3. “What I mean is how do you prevent overwriting half an instruction and leaving the other half untouched resulting in the 2 half being executed separately and potentially causing a crash?”

    I don’t avoid this at this time, but I plan to fix this. This can happen only if the hook is active in a thread, and other thread tries to call the function “in the middle of the hook”.

    For Windows APIs this is simple: Windows APIs starts like this:

    mov edi, edi

    This was designed for Windows hot-patching. What does the mov edi, edi do? Nothing. It is a two byte instruction that allows it to be replaced with a short jump (jmp -5) that will jump where the nops start. So, we have to replace the nops with a call/jmp 0xaddress and mov edi, edi with jmp -5. And this is thread safe.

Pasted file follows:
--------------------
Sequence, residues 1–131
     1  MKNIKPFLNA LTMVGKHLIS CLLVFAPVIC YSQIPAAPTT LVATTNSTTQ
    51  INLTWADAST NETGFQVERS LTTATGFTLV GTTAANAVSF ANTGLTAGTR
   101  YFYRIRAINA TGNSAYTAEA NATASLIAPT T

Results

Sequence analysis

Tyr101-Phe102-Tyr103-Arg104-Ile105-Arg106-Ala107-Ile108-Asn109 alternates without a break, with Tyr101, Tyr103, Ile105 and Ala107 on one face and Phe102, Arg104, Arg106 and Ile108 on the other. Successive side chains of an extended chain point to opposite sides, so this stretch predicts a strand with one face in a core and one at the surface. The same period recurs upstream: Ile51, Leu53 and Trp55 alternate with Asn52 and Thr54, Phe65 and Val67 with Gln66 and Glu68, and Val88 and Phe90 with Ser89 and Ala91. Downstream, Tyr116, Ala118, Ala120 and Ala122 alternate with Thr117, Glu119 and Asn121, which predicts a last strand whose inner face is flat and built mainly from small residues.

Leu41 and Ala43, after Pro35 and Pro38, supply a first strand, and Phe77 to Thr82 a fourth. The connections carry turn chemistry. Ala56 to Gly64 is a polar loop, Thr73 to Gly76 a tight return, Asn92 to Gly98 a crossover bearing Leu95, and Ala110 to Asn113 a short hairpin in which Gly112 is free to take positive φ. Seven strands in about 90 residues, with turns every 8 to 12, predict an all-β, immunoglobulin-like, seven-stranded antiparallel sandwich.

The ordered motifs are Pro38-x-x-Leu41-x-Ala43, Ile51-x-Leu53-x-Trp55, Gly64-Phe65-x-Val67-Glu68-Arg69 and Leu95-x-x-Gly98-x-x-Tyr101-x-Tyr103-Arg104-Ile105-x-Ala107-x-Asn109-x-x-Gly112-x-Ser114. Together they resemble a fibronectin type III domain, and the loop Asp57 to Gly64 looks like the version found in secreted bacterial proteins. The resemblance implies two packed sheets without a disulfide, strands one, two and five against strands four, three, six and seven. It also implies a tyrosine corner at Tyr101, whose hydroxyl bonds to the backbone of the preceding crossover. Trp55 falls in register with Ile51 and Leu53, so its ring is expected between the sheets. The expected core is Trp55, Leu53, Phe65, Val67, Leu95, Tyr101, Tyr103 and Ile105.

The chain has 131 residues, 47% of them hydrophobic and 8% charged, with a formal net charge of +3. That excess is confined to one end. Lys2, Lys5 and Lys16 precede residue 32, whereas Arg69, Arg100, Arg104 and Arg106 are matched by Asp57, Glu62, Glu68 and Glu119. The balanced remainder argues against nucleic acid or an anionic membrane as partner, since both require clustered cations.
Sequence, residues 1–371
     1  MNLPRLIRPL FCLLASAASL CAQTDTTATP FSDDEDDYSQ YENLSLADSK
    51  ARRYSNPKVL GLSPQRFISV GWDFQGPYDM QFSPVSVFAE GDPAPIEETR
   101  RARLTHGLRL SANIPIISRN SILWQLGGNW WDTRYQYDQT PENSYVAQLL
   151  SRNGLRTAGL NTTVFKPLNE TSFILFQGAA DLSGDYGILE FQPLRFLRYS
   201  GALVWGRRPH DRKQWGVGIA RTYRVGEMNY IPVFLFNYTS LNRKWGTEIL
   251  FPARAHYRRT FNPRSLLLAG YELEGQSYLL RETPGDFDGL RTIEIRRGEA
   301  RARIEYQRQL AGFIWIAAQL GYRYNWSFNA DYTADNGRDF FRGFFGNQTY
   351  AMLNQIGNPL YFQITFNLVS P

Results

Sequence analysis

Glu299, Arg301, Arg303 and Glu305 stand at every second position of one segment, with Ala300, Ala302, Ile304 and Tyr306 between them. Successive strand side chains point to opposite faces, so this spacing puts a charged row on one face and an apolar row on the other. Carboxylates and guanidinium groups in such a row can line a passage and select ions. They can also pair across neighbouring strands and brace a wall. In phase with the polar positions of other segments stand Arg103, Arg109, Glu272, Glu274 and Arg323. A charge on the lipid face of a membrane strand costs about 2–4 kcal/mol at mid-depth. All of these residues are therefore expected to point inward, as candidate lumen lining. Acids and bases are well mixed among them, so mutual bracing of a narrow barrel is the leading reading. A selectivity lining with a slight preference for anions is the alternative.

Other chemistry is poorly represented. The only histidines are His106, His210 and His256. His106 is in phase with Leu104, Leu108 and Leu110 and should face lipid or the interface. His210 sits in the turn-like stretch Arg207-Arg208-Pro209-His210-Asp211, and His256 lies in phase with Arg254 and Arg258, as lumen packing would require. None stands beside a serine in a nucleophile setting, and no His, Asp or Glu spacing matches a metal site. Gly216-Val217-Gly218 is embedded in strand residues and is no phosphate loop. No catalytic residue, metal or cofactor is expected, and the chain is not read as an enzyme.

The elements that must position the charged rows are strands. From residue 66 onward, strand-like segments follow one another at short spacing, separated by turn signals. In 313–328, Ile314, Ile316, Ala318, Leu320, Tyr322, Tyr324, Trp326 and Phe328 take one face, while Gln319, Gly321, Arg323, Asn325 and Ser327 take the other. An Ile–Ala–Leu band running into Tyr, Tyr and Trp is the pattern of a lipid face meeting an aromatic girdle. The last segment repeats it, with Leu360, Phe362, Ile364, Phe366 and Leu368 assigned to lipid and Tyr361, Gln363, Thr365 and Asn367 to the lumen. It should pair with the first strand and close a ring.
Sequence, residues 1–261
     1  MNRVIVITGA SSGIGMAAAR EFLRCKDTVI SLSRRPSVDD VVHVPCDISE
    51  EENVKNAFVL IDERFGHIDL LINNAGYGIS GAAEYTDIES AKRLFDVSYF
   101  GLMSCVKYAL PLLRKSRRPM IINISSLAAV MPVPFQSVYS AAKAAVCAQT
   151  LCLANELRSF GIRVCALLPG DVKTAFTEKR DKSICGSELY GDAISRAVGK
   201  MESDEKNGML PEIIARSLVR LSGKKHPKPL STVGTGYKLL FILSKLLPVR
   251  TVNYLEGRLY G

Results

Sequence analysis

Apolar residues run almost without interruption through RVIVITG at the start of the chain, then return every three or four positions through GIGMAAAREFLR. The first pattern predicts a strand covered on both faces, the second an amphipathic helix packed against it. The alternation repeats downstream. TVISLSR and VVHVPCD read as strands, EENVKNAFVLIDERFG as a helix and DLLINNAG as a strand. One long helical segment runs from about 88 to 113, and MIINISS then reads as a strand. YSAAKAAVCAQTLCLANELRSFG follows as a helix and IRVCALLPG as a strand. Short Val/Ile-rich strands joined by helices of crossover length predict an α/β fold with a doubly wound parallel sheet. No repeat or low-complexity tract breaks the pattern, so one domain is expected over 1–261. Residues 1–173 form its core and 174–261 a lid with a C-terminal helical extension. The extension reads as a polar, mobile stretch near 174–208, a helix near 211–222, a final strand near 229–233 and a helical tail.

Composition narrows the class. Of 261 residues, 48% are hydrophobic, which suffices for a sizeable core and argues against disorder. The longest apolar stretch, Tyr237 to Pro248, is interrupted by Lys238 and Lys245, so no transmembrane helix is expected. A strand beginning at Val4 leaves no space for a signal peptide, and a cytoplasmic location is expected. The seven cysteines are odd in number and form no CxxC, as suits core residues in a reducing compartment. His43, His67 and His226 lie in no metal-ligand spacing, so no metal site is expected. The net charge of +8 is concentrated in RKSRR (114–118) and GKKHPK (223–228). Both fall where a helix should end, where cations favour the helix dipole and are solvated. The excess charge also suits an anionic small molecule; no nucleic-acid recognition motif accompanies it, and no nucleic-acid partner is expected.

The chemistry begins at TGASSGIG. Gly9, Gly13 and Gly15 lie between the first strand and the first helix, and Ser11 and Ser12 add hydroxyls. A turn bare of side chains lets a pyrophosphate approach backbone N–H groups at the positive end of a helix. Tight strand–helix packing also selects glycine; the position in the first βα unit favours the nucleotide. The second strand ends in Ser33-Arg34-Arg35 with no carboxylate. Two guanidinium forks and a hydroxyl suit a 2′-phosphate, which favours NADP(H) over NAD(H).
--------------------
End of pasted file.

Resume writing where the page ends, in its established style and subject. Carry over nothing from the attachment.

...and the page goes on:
Other application does not use this concept and it may be difficult to safely hook them. Most common tools for API hooking use “thread freezing” and get each thread context in order to make sure there is no thread in the middle of the hook that will crash the program.

    I will implement the Windows hot-patching method, but I am not really sure what to do about the other function. I hope I will find a good way to avoid crashes.

    “How do you ensure that the memory for your injected DLL is freed up when the application being hooked is closed?”

    I don’t do anything. When a process is terminated, all it’s allocated memory is freed. The injection use “VirtualAllocEx” API that will alloc memory in the remote process memory and Windows will automatically free this memory when the process is terminated.